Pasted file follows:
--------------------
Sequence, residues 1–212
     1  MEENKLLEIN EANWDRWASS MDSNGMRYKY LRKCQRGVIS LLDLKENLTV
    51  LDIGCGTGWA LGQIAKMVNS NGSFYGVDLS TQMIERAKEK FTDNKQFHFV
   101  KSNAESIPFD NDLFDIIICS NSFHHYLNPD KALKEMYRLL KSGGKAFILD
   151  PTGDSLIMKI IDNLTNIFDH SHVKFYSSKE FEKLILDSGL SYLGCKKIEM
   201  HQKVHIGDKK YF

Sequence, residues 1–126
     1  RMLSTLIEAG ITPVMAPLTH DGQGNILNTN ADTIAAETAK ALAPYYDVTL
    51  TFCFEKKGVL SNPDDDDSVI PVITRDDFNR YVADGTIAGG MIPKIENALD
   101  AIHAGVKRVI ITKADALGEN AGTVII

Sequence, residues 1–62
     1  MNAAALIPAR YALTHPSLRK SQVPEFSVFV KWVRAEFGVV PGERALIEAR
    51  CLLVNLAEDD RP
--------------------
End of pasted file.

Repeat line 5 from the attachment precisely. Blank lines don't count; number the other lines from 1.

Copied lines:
   151  PTGDSLIMKI IDNLTNIFDH SHVKFYSSKE FEKLILDSGL SYLGCKKIEM